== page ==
4- That I have a friend coming and haven’t cleaned up yet. She’s known me for 21 years now. She knows I favour the chaos-theory style of living. She will be fed and entertained (if you can call being sent to retrieve a rogue three year old from t’other side of the park and forced to critique Strictly with me ‘entertained’) and will not judge me if I haven’t hoovered. Plus we all know I’ll run around cleaning like a blue-arsed fly on Saturday morning whilst the baby is asleep and The Boy is zombified in front of a DVD.

5- That I still don’t have a job lined up for when The Girl starts school (four years hence I might add), or any work experience to switch into broadcasting like I want to, or a life plan in general other than ‘keep myself and my children alive until they’re old enough to do it for themselves’.

So there you go – five of my current brain farts. What kind of stupid stuff keeps you awake at night?

Advertisements

Portrait of a stay at home mum

The Man is currently off sick with a chest infection, so he’s cocooned in a duvet on the sofa feeling sorry for himself whilst The Girl, who’s just had a nap, bounces up and down on his lap. How To Train Your Dragon, a family favourite, is playing on the television because it’s filthy weather outisde and we’re all a bit run down. The Boy has taken it into his head to dress up as a knight and is fighting imaginary dragons in our (tiny) sitting room whilst The Girl laughs at the floorshow. I am running in and out to check everybody is OK whilst also making leek and potato soup for lunch from our allotment produce.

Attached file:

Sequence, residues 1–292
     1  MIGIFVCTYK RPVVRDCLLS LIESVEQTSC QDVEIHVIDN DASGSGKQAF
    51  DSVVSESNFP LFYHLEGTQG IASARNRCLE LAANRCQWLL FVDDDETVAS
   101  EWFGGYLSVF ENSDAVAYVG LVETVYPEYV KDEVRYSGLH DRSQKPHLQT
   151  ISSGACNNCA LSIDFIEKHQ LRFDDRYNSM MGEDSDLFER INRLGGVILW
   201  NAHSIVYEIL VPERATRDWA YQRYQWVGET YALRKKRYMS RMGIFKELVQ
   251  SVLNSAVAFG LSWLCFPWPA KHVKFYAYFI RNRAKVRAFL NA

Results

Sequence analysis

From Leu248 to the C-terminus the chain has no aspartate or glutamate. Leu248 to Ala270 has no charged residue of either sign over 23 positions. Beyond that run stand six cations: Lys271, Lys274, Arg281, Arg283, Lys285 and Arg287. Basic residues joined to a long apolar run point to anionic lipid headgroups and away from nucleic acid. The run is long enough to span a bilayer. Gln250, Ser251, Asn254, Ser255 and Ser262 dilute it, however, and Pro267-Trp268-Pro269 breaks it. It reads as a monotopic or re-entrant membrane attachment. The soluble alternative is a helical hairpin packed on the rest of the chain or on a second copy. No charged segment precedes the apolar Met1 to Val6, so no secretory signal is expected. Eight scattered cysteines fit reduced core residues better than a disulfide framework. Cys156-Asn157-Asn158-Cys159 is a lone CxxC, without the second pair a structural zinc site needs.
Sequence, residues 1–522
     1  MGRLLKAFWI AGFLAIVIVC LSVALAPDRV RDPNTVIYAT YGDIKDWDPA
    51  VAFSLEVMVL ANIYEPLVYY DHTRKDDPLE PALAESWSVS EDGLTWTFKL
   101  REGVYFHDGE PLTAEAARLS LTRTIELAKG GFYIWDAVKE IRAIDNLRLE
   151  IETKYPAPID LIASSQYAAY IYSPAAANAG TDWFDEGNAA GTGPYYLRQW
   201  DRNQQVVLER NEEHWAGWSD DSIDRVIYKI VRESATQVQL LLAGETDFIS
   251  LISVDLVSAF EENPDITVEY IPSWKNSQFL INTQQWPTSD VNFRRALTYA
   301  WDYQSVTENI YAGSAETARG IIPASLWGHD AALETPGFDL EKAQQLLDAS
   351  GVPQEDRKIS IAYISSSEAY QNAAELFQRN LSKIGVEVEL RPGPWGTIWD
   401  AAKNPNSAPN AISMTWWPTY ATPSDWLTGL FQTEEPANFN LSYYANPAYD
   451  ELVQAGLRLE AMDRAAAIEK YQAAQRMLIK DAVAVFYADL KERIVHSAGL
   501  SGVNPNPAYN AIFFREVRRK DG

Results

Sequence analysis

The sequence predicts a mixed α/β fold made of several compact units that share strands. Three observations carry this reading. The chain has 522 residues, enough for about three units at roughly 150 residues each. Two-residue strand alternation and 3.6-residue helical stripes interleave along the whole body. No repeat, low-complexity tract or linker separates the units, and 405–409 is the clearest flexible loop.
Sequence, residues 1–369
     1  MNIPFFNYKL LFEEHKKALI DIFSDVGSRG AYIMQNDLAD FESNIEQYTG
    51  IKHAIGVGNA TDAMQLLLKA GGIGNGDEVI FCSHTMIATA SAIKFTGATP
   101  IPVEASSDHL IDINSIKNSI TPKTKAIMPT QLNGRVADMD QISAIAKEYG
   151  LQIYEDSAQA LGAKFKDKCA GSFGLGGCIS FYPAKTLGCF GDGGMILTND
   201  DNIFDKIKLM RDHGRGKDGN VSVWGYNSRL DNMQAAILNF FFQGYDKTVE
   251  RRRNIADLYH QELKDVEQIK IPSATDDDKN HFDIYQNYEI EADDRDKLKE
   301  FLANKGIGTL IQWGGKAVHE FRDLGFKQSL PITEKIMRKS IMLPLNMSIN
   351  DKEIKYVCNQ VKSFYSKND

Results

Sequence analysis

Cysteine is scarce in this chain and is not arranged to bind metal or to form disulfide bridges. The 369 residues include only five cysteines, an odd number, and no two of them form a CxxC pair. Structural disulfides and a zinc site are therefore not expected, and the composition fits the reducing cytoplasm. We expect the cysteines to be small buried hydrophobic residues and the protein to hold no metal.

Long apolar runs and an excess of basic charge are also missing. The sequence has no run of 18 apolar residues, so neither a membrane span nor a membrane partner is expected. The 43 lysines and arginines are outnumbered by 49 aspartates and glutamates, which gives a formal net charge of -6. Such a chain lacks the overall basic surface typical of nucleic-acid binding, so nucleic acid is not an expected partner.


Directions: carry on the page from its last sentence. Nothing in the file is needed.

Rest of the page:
This afternoon we need to put the finishing touches to the papier mache dragon head The Boy and I are making for his Halloween costume and I have to construct a tail for The Girl and dragon wings for The Boy.  I also need to get the pizza dough made for dinner and meringe ghosts for the Halloween party tomorrow (I will almost certainly do a tutorial post on this).  I also need to stay on top of the washing up, find somewhere to hang the wet washing so it can dry without getting in anybody’s way (a hard task in our bijou residence) and clear up from all craft activities. I doubt I will get round to the hoovering. This is all before the BIG DRAMA of dinner and bedtime.